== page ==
Media Act: rules for broadcasters and programming
One of the aims of the Dutch Media Act 2008 is to provide a varied range of radio and TV channels, which everyone can receive. The Act sets requirements for both public and commercial broadcasters.
Rules for public broadcasters and programming
The Media Act sets requirements for public broadcasters in the Netherlands and programming. There are also rules for advertising on the public channels.
Programmes on public channelsThe role of public broadcasters is to provide news, educational and children’s programmes as well as to make programmes about politics and sport. They also cover special events such as days of national celebration and remembrance. Programmes on the public channels should reflect the diversity of society. To achieve these aims, public broadcasters receive central government grants.
Limits to advertising and sponsoringAdvertising is allowed on the public channels, but not as often as on commercial channels. Programmes on the public channels may not be interrupted for commercial breaks. Sponsoring is limited to, for example, arts and sports programmes.
Requirements for broadcastersThe broadcasting associations NOS (Netherlands Broadcasting Foundation) and NTR are responsible for the programmes on the public system. Broadcasting associations must meet certain conditions to get airtime. For example, they must have at least 50,000 members. And their goal must be to make programmes that reflect their mission.
Reforms to the public broadcasting system
The Dutch government has plans to reform the public broadcasting system. From 2016, public broadcasters will have a narrower remit. They will be required to make informative and educational programmes, and programmes about the arts and culture. Other programme-makers will also have direct access to the system, a right which was previously exclusively held by public broadcasting associations. Public broadcasters will have to make a clearer distinction between themselves and commercial broadcasters. Parliament still has to approve these plans.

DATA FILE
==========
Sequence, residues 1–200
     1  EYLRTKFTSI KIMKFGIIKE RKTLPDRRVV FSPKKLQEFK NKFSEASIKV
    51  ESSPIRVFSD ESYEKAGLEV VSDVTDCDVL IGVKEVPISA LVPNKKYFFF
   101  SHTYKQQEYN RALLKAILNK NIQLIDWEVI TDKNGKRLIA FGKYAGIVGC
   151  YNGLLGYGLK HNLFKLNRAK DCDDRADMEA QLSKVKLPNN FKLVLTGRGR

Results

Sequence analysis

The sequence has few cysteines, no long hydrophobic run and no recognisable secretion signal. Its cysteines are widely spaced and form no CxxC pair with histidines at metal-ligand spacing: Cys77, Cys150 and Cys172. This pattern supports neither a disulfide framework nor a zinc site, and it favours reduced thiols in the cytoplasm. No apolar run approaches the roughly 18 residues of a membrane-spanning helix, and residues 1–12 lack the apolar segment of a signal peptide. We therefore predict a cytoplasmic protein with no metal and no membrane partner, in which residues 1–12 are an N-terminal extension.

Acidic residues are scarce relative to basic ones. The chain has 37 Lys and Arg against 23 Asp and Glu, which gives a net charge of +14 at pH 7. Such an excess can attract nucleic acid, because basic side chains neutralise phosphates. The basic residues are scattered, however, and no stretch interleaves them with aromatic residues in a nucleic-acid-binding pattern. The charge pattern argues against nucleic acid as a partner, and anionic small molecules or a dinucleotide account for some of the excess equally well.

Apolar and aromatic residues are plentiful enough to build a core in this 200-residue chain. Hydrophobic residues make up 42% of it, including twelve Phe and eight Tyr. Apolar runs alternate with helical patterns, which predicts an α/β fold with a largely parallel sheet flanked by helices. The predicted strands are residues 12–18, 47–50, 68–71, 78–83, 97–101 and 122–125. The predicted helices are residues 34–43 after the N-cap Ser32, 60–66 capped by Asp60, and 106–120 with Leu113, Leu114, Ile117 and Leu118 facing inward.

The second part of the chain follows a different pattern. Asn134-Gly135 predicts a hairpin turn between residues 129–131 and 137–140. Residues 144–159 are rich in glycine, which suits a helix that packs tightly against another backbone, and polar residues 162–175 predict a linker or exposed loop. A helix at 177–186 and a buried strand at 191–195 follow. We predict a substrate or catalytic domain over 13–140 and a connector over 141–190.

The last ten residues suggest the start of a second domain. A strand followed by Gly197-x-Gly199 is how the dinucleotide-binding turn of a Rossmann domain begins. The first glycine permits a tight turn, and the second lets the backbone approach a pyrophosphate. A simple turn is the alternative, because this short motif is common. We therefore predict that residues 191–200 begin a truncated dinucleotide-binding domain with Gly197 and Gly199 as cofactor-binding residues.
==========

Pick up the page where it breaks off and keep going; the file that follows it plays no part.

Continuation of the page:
Rules for commercial broadcasters
Commercial broadcasters do not receive money from central government. So fewer rules apply to them. Yet the Media Act does set a number of requirements for commercial broadcasters and their programmes. For example, they are not allowed to broadcast commercials for longer than 12 minutes an hour. Sponsoring of news and current events programmes is prohibited. Commercial broadcasters also have to keep to the rules on the protection of children.
The Dutch Media Authority checks that commercial broadcasters obey these rules.
Protection of children
Broadcasters – both public and commercial – are prohibited from broadcasting programmes that are harmful to young people under the age of 16.
Is a programme less suitable for young viewers? Then it may not be broadcast before a certain time. Programmes rated as suitable for viewers from the age of 12 may be broadcast from 20.00. Those only suitable for viewers aged 16 and over may be broadcast from 22.00 to 06.00.
No government interference with content
Journalists and programme-makers are free to write, publish and broadcast what they wish. Central government does not interfere with content. The government may never check content in advance. This is laid down in both the Constitution and the Media Act.
Changes to the Media Act
Changes were introduced to the Media Act as of 1 January 2014.
Standard digital TV and radio packagesSuppliers of TV and radio packages are required to provide their subscribers with a standard digital package made up of at least 30 digital TV channels. If they also supply analogue television, the package must have at least 15 analogue TV channels. The standard package must always contain the main Dutch and Flemish public TV and radio channels.
Reorganisation of the public broadcasting systemBroadcasting associations will have to merge. By 2016, the public broadcasting system will comprise just eight broadcasting organisations. The media budget will be gradually reduced. By merging, broadcasting associations can work more closely together and make better programmes. This will also make the public broadcasting system more manageable, and improve efficiency.
Funding regional broadcastersCentral government now funds the regional broadcasters. This means that both the statutory duty of care and the financial responsibility for the regional broadcasters fall under central government. Up to 2014, regional broadcasters were funded by the provincial authorities. As of 1 January 2017, the total budget for regional broadcasters will be cut by €17 million.